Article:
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Not only does the extra income help supplement your lifestyle, but the addition of hands-on work experience in Australia can improve your English and benefit your career opportunities at home. Plus, it’s a great way to meet new people and make friends.

Whether you are seeking part-time or casual employment, it’s important to understand your rights and responsibilities as an international student worker. 

Working in Queensland

Competition for part-time or casual jobs can be high, so it’s important to know how to maximise your chances of finding a job with a Queensland employer. Do you know what skills and attributes you have that would make you a good employee? As an international student, you might have some unique skills to give you a competitive edge in the workplace, such as language skills, cultural sensitivity, or the ability to adapt quickly in a new environment.

Think about how your skill set can apply to different industries. Some specific types of work popular with international students in Queensland include: 

  • Hospitality – fast food, hotels, cafes, bars, restaurants, or food delivery services
  • Retail – specialty stores, department stores, supermarkets, or warehouses
  • Farming and fruit picking – seasonal work in regional areas - https://www.qld.gov.au/about/pickqld
  • Services – aged care, cleaning or childcare services
  • Administrative and clerical work
  • Tutoring

Learn as much as you can about the Queensland recruitment process and research your target industry.

Employability 

Employability is about more than just getting a job. It is the combination of your discipline-specific knowledge, transferable skills, experience, and attitudes that make you more employable.

During your studies, you can build your employability skills through the Launch U program. Launch U gives you access to a wide variety of online and face-to-face experiences and programs designed to help develop your professional capabilities.

Using the Launch U e-Portfolio, you can identify, capture, and present evidence of gaining these skills to earn a Queensland Government-backed digital badge to help you launch your global career.

Register for Launch U at www.launch.qld.gov.au

Know your workplace rights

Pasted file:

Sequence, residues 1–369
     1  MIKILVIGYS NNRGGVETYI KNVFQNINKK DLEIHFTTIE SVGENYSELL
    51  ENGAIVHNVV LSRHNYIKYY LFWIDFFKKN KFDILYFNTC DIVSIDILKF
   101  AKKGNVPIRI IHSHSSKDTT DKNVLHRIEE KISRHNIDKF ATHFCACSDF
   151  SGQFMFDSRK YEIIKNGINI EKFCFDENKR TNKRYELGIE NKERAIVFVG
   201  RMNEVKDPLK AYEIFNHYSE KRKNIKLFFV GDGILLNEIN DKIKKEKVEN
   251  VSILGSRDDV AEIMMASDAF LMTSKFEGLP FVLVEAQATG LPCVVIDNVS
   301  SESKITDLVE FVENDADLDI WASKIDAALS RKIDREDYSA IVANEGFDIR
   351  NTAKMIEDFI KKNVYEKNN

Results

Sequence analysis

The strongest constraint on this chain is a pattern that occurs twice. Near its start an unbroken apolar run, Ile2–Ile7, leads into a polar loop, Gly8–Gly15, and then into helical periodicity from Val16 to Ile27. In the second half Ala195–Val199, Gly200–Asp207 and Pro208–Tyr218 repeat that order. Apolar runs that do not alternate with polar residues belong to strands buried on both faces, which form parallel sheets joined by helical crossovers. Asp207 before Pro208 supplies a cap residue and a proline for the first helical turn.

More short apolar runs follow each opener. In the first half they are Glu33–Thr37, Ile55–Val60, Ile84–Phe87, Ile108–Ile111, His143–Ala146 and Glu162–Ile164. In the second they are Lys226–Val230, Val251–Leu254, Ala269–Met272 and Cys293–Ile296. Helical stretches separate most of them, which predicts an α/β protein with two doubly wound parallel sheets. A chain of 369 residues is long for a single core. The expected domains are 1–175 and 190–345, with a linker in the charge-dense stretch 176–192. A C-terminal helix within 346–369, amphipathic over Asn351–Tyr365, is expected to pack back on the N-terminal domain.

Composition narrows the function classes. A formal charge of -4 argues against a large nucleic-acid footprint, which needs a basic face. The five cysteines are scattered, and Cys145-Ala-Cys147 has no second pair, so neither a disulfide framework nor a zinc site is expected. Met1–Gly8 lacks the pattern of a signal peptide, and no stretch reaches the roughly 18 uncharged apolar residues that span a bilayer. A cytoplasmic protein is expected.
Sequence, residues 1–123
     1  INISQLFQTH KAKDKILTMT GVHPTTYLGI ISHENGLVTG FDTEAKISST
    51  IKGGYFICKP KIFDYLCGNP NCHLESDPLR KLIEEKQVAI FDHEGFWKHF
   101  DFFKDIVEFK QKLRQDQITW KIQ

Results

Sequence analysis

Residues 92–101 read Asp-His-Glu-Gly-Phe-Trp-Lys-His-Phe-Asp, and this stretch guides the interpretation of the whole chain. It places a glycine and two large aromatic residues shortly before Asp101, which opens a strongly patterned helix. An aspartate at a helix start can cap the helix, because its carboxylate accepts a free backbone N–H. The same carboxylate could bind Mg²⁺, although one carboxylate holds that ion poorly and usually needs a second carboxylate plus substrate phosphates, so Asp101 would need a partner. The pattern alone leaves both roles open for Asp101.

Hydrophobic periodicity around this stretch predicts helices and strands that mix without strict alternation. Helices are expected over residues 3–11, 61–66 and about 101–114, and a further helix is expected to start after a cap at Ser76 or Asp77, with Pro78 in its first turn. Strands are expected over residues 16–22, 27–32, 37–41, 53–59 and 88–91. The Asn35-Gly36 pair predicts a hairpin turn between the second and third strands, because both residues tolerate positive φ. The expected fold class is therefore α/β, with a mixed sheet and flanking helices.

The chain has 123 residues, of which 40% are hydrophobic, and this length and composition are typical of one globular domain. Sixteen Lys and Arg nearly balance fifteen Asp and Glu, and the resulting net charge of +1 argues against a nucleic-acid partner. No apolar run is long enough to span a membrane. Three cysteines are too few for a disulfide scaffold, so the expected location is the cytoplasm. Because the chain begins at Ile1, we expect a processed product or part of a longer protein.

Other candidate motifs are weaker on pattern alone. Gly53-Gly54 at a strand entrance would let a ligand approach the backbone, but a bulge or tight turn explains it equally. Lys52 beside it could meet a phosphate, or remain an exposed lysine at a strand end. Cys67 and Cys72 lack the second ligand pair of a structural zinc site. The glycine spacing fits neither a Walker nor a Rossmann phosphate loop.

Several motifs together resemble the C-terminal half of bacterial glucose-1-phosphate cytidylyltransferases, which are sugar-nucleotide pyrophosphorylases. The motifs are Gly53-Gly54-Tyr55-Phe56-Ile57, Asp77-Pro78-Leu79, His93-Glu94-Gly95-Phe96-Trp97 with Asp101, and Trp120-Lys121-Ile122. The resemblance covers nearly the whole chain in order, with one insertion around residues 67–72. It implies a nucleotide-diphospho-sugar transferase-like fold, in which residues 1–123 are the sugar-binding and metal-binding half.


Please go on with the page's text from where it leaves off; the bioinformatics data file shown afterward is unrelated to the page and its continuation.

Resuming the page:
It’s important to know your rights and responsibilities when you begin working. As an international student, you are protected by Australian law while working in Australia. This means you have the same protections at work as anyone else. 

Australia has a minimum wage, which means you are entitled to at least the scheduled amount per hour, no matter what job you choose. You also have rights to sick days, vacation days, other leave entitlements and workplace health and safety. 

For more information on workplace rights, visit the Fair Work Ombudsman website.

Check your visa conditions

On a student visa you are eligible to work up to 20 hours a week, so make sure your hours of work match these conditions. Your employment must also begin after your study program has commenced. During holiday periods, you can extend your hours to work full time (unlimited hours). It’s important to keep to these conditions. Check your VEVO as these are general conditions only and may differ for each individual. 

Apply for a Tax File Number

If you plan to work in Australia, you will need to apply for a Tax File Number (TFN) before you start. It’s free, and you only need to do it once. Give your TFN to your boss when you start, and you will be taxed at the appropriate rate. Without it, you’ll pay more tax, which means less money in your pocket. You can apply for a TFN easily through the Australian Tax Office (ATO) website.

If you are self-employed, you will also need to obtain an Australian Business Number (ABN). However, if you are working for a boss in a fixed location and have a regular shift each week, you will likely only require a TFN.

Superannuation

Super, or superannuation, is a term to describe the way Australians save money for their retirement. As an international student working in Australia, you are entitled to superannuation contributions from your employer. These payments are deducted from your income and transferred to a superannuation fund on your behalf. Before you depart Australia, you can claim and take this money with you. 

You can either open up a superannuation account yourself, or have your employer nominate a fund on your behalf. If you don’t know where your superannuation money is, ask your employer which fund they paid money into for you.

You can find more information on the Australian Taxation Office website about how to claim your super before you leave the country

Where to look for a job in Queensland

Websites such as Seek, Jobs Finder or the Qld Jobs Board are a good place to start your job hunt. You can also look at your university job boards, Facebook groups or visit a local employment centre.

For more information or support about finding a job, you can talk to your education provider or get in contact with the Student Support Officers on the Queensland Student Hub.